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Articles containing the keyword 'vertebrate'

Category: Article

article id 5368, category Article
Kari Heliövaara, Rauno Väisänen. (1989). Invertebrates of young Scots pine stands near the industrial town of Harjavalta, Finland. Silva Fennica vol. 23 no. 1 article id 5368. https://doi.org/10.14214/sf.a15527
Keywords: Pinus sylvestris; Finland; Harjavalta; mites; air pollution; invertebrates; aphids; Arthropoda
Abstract | View details | Full text in PDF | Author Info

Invertebrates of young Scots pine (Pinus sylvestris L.) stands were preliminarily studied along a gradient of industrial air pollutants in Harjavalta, south-western Finland. Bark samples and net samples on pine branches and needles were taken in May–June, 1987. The number of aphids on needles was highest near the industrial plants. The number of mites in bark was positively correlated with the increasing distance from the pollutant source. Detrended correspondence analysis ordination calculated according to the bark invertebrates showed that the sampling sites of the zones far from the emission source formed a distinct group while those of the zones near the source were relatively widely dispersed indicating disturbances in faunal structure.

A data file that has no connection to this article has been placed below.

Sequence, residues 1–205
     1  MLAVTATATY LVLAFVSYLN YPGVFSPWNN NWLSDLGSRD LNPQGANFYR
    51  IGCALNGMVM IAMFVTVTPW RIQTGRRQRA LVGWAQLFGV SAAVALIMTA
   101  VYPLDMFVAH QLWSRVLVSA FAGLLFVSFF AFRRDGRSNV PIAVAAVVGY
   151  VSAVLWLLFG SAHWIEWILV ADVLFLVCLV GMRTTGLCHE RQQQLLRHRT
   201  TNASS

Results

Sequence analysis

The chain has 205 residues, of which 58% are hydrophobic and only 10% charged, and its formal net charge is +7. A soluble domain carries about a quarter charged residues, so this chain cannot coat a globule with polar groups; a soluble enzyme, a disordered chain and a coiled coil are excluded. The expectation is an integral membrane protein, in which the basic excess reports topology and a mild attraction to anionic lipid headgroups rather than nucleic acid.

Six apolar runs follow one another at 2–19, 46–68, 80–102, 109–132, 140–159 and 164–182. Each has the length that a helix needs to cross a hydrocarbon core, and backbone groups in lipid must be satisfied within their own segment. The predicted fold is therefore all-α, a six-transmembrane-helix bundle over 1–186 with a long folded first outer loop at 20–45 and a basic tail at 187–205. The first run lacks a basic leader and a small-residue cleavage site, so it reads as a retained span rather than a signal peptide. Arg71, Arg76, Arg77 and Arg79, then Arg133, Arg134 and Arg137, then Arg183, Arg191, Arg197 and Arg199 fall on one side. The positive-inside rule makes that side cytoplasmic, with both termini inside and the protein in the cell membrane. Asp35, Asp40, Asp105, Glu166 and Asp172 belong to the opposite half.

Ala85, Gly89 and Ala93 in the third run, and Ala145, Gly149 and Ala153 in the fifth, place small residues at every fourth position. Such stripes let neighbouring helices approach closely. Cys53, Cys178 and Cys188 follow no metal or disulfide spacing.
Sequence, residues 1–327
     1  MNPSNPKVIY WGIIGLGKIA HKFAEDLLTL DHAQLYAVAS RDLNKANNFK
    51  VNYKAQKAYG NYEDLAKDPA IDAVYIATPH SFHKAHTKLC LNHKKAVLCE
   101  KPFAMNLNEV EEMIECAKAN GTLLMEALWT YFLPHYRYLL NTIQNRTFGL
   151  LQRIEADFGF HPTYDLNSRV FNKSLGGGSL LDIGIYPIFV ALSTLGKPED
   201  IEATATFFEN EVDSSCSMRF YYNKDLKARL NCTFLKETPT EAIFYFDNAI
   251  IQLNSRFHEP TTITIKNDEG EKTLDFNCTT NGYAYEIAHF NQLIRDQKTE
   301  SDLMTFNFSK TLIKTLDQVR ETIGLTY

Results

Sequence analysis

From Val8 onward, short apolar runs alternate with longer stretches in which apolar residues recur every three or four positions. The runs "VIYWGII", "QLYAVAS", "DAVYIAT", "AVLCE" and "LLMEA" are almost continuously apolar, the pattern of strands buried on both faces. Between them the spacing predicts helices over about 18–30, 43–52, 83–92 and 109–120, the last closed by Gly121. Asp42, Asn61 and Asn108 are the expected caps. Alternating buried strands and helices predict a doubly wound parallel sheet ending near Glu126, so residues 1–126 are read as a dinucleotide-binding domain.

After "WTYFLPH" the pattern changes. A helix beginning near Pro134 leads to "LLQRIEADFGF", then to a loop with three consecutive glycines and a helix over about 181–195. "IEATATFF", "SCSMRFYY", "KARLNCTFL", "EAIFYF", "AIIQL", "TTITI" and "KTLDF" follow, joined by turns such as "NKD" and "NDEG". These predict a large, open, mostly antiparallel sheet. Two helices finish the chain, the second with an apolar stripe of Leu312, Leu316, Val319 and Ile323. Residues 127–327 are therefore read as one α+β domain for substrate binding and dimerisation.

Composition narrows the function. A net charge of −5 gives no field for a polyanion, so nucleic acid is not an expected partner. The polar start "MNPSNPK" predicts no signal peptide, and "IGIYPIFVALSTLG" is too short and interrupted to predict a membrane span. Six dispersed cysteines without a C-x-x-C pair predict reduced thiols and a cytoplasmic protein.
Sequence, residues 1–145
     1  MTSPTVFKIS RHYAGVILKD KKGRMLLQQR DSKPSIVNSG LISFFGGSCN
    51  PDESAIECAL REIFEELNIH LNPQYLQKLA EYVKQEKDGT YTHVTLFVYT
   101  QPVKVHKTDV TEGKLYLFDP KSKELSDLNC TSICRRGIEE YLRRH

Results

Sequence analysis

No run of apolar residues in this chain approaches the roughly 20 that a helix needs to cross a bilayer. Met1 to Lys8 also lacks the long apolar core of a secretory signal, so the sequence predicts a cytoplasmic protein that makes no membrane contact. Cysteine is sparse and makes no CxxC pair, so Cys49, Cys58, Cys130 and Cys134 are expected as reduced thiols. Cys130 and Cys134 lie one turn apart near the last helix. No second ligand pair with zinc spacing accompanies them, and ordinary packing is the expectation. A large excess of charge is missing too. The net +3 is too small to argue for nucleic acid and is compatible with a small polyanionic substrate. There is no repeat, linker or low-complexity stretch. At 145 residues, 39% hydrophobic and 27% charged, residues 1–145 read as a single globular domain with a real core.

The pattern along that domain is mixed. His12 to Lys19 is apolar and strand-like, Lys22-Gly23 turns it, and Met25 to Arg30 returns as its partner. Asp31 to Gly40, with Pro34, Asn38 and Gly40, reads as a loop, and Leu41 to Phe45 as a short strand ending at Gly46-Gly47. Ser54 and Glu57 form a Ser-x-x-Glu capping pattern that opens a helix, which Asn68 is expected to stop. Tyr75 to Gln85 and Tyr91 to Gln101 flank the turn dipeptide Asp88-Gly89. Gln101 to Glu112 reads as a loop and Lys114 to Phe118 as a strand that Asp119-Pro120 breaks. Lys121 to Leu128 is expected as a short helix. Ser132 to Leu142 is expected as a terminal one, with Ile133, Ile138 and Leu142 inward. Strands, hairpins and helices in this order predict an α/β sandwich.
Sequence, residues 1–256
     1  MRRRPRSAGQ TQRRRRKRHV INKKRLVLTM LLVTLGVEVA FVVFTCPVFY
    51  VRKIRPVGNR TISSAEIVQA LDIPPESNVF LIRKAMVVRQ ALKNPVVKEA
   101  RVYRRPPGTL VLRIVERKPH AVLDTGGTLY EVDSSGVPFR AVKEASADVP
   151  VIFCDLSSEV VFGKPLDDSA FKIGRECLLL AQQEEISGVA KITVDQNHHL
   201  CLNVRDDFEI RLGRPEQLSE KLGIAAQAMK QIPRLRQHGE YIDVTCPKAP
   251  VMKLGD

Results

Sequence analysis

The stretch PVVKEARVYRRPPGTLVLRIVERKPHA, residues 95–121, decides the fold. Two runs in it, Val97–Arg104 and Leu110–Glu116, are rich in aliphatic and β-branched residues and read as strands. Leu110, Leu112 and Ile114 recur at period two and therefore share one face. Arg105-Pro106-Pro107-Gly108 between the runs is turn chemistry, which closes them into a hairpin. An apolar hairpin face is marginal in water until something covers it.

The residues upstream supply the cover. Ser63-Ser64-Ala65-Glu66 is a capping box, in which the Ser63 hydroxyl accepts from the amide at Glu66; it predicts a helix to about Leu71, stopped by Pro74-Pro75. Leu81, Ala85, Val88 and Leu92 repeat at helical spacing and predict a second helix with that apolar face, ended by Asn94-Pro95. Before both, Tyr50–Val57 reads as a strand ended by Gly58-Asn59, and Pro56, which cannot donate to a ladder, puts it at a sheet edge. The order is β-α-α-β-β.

The PDF includes an abstract in Finnish.

  • Heliövaara, E-mail: kh@mm.unknown (email)
  • Väisänen, E-mail: rv@mm.unknown
article id 5245, category Article
Pekka Helle, Jyrki Muona. (1985). Invertebrate numbers in edges between clearfellings and mature forests in Northern Finland. Silva Fennica vol. 19 no. 3 article id 5245. https://doi.org/10.14214/sf.a15424
Keywords: Coleoptera; insects; Formicidae; vertebrate; crear-fellings; forest edges; Homoptera; Diptera; Gastropoda; Hymenoptera; Arachnida; biotopes
Abstract | View details | Full text in PDF | Author Info

The abundance of main invertebrate groups was studied in clear-fellings, forests and in edges between them in Northern Finland in June-August 1983. Five trapping transects were used. Each transect had 48 pitfall traps and 16 window traps on the ground and 4-6 window traps in bushes or trees.